Learning to Save From Walt Disney
I was struck by an interesting life lesson recently, and it came from the most unlikely of sources; the Disney version of Mary Poppins starring Julie Andrews and Dick Van Dyke. In one scene of the film, little Michael Banks comes across two pence (“tu’pence” in the movie’s Cockney vernacular-pretty much the equivalent of two cents, not in terms of exchange rates, but in those of general value) and wants to give it to the lady in the park selling pigeon feed. Michael’s father, a stodgy banker, admonishes him and advises him to deposit the money in savings, where it can grow into more money.
Michael just wants to feed the birds and the chaos that ensues provides the climax of the film, leading Mr. Banks to lighten up and appreciate his children so they can all live happily ever after flying kites.
While I appreciate the lesson that Mary Poppins is intending to teach, I found that I reacted to it differently as an adult than as a child. The fact is that Mr. Banks, stiff and lifeless as he may have been, was right. Michael could have saved that money for his education, his eventual wedding, his first home, or his future.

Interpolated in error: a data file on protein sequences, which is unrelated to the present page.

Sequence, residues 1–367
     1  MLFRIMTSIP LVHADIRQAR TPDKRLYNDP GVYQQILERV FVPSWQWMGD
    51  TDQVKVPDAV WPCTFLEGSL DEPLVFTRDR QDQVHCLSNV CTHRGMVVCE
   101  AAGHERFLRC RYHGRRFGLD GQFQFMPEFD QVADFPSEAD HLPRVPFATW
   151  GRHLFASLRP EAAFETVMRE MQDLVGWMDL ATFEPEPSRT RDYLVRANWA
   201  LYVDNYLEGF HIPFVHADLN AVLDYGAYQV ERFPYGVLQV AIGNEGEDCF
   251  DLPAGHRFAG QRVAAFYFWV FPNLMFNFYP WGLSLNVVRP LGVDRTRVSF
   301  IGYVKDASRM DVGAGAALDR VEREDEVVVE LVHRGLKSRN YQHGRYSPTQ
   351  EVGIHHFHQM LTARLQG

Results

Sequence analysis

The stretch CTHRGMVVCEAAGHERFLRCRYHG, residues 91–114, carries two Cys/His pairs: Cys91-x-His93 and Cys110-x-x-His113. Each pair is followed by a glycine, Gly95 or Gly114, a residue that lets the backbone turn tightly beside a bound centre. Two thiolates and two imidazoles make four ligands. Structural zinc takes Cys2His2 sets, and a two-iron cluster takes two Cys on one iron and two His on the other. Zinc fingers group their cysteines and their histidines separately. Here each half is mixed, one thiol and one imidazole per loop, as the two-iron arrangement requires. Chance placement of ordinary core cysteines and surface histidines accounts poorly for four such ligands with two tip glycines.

As parents we have the duty to teach our children about a great many things, not the least of which is fiscal responsibility. The habits we form as adults stem from the behaviors taught to us by our own parents and the adults around us. The children of spendthrifts tend to become spendthrifts and the children of the thrifty grow to be savers, generally speaking.
Encourage your children to save by setting the example yourself. Let your child understand the value of money by teaching her that it must be earned and managed carefully. A wonderful opportunity exists when your child points out something at the store that she’d like you to buy for her. Instead of just saying yes and buying it or simply saying no and enduring pleading and whining for the remainder of the day, discuss with your child ways that she can earn the money herself. This will help her value both the money she earns and the items she purchases with it.
She may even choose to save her money, rather than feed it to the birds in the park at two cents per bag of feed.